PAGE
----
Saturday, April 2, 2011

The Smell of the Grass in the Rain

And other things God thought about when creating the world

By Cynthia Edwards 
An essay in the book Creative Spirit Musings

One of the attributes that makes humans different from other species is our rich and complex response to the environment in which we live. The way we experience the world with our senses is sometimes so deep it calls out the poet in us and affects our soul to the point of elation, repentance, or even tears.

All sentient beings have instincts that cause them to startle at sudden noises, snuggle up to warmth, become alert in the presence of danger, or delight in a good scratch on the back. (I’m thinking of my dog here, but you can substitute your favorite pet or primate cousin and make the same equation.) Naturally, we have the same reactions as fellow mammals in the reception of everyday stimuli. Much of our response to the world is as primitive as any gopher’s and geared towards the preservation of life.

But the normal human being derives so much more out of his daily walk in God’s creation. We are privy to sensations and thought associations that no other creature has been demonstrated to experience.

Yes, our senses are connected to our instincts, but also to our minds, hearts, and spirits. For example, many people take to the wilderness for healing when sorrow or worry has gripped their soul. And basking in the sun has so many positive effects on the body and emotions that we tend to feel an expansive sense akin to worship when under its influence.

Our heartfelt response to the glories of the universe has been expressed in every art form throughout time. The beauty of creation has led more than one amateur to take up pen and paper to compose haiku in honor of the brilliance of a sunset or the mystery of a primeval forest. Even early humans exhibited a perceptive appreciation of their environment through their exquisite cave paintings of deer and buffalo and each other. Accomplished artists, musicians, and architects borrow constantly from the shapes, colors, sounds and evocative ethos of nature.

Amazingly, Saint Paul tells us that nature returns the favor and appreciates us back: “The creation waits in eager expectation for the sons of God to be revealed,” he wrote in Romans 8:19. Paul presents an unusual view of nature as a sentient entity, one that has been damaged by the fall of man, and knows it. In verse 22 he goes on to say, “We know that the whole creation has been groaning as in the pains of childbirth right up to the present time.”

One conclusion I draw from these observations is that God made man an integral part of the totality of creation. He did not drop us on Earth like little aliens who required space suits to be able to survive on this planet. He formed us for this environment – and He formed the environment for us. Not merely to live on an instinctual level as the other orders of creation do, but to respond to the Earth with our whole being – body and soul.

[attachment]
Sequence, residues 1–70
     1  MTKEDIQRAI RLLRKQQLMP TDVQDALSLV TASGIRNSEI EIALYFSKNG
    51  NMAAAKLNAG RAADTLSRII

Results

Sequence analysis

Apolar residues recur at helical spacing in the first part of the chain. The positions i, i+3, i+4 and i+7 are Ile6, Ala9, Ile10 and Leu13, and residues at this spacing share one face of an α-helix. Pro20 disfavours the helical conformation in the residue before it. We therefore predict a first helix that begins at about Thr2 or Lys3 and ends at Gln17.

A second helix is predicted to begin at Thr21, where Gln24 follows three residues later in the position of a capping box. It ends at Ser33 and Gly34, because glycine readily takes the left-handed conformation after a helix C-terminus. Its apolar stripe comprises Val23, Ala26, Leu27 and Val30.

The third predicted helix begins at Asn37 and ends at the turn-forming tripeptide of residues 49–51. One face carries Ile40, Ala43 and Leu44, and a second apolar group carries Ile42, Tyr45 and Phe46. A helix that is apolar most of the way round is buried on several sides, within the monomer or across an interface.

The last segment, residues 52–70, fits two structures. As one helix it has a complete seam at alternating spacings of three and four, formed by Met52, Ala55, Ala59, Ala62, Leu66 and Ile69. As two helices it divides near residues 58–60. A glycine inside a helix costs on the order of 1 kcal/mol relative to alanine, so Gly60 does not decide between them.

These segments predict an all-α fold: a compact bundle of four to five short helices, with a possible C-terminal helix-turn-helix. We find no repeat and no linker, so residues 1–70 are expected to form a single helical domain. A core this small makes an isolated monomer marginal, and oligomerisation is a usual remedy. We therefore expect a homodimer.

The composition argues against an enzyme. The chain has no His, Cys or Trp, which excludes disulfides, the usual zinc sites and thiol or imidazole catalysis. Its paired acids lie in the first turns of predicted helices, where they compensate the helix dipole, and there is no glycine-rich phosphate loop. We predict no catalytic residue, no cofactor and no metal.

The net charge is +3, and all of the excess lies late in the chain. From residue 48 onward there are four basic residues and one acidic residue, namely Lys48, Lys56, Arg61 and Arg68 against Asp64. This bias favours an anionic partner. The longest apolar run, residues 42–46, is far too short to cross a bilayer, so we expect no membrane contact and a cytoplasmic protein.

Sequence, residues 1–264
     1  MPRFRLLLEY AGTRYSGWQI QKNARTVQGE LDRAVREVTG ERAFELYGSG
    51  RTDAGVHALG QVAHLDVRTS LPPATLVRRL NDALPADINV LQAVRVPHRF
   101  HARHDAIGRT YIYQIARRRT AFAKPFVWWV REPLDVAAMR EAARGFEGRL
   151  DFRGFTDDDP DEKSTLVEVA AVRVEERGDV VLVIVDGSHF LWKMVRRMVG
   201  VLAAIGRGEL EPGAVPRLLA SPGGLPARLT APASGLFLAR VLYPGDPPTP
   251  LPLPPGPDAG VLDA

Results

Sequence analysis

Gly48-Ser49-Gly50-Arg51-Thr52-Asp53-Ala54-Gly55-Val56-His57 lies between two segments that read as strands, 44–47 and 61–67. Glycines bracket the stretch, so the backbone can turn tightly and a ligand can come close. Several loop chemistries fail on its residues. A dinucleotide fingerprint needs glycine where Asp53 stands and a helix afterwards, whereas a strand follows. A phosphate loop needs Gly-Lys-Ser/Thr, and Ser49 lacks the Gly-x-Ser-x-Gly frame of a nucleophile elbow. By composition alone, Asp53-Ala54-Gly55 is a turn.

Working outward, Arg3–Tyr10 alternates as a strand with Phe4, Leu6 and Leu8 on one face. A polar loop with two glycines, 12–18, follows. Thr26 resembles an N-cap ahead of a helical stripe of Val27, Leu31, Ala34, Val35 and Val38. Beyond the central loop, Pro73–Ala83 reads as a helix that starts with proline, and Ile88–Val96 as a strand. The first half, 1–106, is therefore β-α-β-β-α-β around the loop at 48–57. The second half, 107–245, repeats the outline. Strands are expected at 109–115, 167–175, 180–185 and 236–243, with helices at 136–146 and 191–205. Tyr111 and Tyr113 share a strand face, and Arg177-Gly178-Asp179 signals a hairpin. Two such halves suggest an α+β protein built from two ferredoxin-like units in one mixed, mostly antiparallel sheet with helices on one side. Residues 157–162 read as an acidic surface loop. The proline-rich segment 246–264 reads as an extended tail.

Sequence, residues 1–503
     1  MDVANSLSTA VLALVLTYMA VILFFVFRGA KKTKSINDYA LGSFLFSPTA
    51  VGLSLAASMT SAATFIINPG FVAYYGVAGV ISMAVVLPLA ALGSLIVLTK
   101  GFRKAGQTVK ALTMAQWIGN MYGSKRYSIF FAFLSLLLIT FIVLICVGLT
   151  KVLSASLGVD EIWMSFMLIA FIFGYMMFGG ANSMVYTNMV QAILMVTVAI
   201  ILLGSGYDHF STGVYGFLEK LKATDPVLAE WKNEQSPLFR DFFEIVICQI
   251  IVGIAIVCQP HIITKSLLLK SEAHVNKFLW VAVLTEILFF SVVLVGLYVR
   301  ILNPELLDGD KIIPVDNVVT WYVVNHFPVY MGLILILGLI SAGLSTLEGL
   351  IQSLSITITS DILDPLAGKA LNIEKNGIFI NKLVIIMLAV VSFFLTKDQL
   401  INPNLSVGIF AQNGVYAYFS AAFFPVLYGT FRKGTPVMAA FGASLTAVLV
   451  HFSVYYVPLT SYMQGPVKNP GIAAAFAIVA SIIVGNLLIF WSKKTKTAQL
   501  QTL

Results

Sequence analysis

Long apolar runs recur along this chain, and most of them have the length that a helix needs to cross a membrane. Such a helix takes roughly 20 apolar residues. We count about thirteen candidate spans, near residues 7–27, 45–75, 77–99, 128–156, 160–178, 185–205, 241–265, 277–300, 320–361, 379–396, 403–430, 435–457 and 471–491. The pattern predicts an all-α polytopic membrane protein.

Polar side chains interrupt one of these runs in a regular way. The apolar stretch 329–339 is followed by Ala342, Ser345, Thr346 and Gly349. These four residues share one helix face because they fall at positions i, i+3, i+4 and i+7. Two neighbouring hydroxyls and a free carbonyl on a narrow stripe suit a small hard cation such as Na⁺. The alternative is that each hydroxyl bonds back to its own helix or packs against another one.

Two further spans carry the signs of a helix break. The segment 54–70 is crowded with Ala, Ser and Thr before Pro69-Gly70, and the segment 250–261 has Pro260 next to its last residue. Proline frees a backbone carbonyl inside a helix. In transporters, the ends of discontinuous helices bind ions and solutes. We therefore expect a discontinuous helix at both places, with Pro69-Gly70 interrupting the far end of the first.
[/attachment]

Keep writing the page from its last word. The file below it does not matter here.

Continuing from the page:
There must be a reason. God, who is ever loving and ever creative, thought about what His children would really like and created a environment to please us, soothe us, stimulate us, and give us joy, and He gave it to us in an abundance that is breathtaking. He filled our terrestrial home with awesome vistas, whether looking across the wide plains or peering at the universe that lies under the eye of an atomic force microscope. He gave us extraordinarily diverse environments, from burning deserts to languid wetlands, from cool deep oceans to starry skies, from mountain peaks that pierce the clouds to mines in the earth enriched with veins of noble metals and sparkling gems. He gave us an endlessly growing and changing array of flora, fauna and all the life forms that fall in between to fascinate our agile brains. He filled the good earth with fruits and grains and vegetables in riotous colors, the right size for satisfying human appetites, and with an infinite variety of luscious tastes and possibilities for combining them into unique meal creations of our own.

The next time it rains, don’t run to the TV to watch the weather news. Run to the window or even outdoors and experience the rain: enjoy the sound it makes when it strikes the roof, the cool, wet pricking feel of it on your skin, the humor of watching self-important little raindrops racing each other across a window pane. Lift your face to the blowing wind and hear how it calls to a wild place inside your soul. Sense the flowers and trees and grass stretching their roots deeper into the ground under the rain’s encouraging influence, and finally, breathe deeply and notice how fresh and rich and green the world smells in the rain.

And know that the reason for all these delicious sensations is that God made it so, just for you. Because He knew you’d like it.

No comments:

Post a Comment